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Copyright Guidelines

Information about copyright for schools, including the TEACH Act.

Copyright Guidelines for Schools


DISCLAIMER: Every effort has been made to ensure that the information in this document is as accurate as possible. However, this does not constitute legal advice and users should always verify the legal requirements for any uses of copyrighted materials.

Highlights of Copyright

Copyright protects the creator of a work from unauthorized use.

Fair Use Guidelines allow for some uses of copyrighted materials in a teaching situation, with restrictions placed on number of copies, amount of. material copied or displayed and number of uses.

Library users may make copies from copyrighted materials for personal research use.

Commercial video materials may be used in educational settings as part of face-to-face instruction.

Commercial video materials may not be used for public performances, whether fee or free, unless public performance rights have been obtained.

Definition of Copyright

Copyright protects the right of the creator of a work from unauthorized copying. In other words, if you develop a Web page or write a poem, or a book, or a piece of music, no one can reproduce it or sell it without your permission.

Introduction

Copyright is one method of encouraging people or businesses to take the time and financial risk to produce and distribute information. Problems arise when others want to copy the information you, or others, have worked hard to produce. This really wasn't much of an issue until fast, inexpensive copy and printing machines, audio and video recorders, and computers came into use. Only rarely did anyone bother to copy long passages by hand, and certainly not multiple copies. However, with the advent of these fast, easy methods of copying, where to draw the line between the creators' rights and the users' rights became more complicated.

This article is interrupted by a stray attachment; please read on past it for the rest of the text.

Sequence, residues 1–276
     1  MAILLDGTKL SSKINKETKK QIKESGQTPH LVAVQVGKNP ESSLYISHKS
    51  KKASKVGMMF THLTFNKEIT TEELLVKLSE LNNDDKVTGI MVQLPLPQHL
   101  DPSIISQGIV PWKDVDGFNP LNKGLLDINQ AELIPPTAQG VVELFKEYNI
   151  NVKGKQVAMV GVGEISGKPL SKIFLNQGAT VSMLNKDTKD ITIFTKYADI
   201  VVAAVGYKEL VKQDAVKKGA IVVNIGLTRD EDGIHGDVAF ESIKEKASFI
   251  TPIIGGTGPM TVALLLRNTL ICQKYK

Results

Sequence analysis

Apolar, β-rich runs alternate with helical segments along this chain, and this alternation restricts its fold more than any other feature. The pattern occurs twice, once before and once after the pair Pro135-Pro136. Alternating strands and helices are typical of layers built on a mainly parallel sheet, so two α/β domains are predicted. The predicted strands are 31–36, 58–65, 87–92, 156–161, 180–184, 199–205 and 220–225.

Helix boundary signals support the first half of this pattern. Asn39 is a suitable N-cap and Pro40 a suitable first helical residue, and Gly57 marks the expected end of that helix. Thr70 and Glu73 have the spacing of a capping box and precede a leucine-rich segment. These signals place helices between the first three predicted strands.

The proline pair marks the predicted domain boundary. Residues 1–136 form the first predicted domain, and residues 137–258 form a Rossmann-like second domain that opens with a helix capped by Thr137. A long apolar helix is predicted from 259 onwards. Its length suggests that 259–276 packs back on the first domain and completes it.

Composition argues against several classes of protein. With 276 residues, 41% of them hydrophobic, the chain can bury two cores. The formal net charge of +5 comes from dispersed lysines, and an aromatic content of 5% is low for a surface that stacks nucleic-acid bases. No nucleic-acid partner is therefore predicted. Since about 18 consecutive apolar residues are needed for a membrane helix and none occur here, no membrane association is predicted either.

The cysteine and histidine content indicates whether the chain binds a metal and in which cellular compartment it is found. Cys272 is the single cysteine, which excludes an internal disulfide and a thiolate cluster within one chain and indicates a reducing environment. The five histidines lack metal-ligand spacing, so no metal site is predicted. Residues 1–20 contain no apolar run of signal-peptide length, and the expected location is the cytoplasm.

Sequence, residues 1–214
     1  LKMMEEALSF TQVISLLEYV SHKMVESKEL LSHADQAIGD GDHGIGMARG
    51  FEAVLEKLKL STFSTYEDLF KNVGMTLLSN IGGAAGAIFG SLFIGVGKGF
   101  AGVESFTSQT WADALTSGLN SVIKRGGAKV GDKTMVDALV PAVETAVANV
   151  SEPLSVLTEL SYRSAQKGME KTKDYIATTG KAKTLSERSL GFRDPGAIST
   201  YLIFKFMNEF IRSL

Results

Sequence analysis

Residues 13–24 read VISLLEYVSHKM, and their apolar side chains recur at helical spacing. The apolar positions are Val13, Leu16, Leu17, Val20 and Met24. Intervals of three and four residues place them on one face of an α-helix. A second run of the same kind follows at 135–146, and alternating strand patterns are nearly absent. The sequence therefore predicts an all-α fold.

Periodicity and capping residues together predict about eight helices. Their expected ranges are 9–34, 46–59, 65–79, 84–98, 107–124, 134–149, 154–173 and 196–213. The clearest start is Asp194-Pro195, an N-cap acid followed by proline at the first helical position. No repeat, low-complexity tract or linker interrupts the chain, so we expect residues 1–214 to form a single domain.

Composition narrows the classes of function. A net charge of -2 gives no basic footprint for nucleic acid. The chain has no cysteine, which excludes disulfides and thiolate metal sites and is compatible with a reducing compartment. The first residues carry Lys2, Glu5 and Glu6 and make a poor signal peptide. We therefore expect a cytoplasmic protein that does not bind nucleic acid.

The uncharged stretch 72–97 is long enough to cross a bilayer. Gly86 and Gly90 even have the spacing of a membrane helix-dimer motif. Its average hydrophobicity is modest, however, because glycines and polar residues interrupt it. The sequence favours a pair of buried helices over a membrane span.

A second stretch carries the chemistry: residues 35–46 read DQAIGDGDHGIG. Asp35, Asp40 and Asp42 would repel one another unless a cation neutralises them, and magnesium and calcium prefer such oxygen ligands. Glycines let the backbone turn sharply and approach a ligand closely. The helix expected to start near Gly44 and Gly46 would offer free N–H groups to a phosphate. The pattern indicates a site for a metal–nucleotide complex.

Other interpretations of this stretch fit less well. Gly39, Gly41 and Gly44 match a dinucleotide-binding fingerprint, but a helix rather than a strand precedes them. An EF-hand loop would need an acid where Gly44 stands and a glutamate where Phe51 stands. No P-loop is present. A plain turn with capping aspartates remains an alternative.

Creative Commons Licensing

Creative Commons licensing makes it possible for creators of a work to determine what rights they would like to give to users of their work, ranging from placing it fully in the public domain to providing rights to use the work in specified ways.

The Meaning and Importance of the TEACH Act

The TEACH Act became law in 2002 and fully revised Section 110(2) of the U. S. Copyright Act. It governs the lawful uses of copyrighted materials in distance education, including how educators may use clips of text, images, sound, and other works as part of materials prepared for use in a distance education setting.

While Dr. Kenneth D. Crews was Director of the Copyright Management Center at the Indiana University School of Law in Indianapolis, he prepared a document for ALA about the significance of the TEACH Act.  Refer to it for specifics such as the duties of instructors, the role of librarians, and more.

For the relevant text of Public Law 107-273, read section 13301, entitled Educational Use Copyright Exemption.

eTool: Exceptions for Instructors

Michael Brewer of ALA's Office for Information Technology Policy created an etool, Exceptions for Instructors, to help individuals determine when use of copyrighted material falls within the guidelines of the TEACH Act or the face-to-face teaching exemption.

A Review of Copyright from the NPC

The National Paralegal College offers detailed explanations about copyright, fair use, and trademarks.

Library of Congress Copyright Tutorial for Students

"Taking the Mystery Out of Copyright" aims to educate students about copyright. The section labeled "Reading the Fine Print" is kind of a visual FAQ on the subject.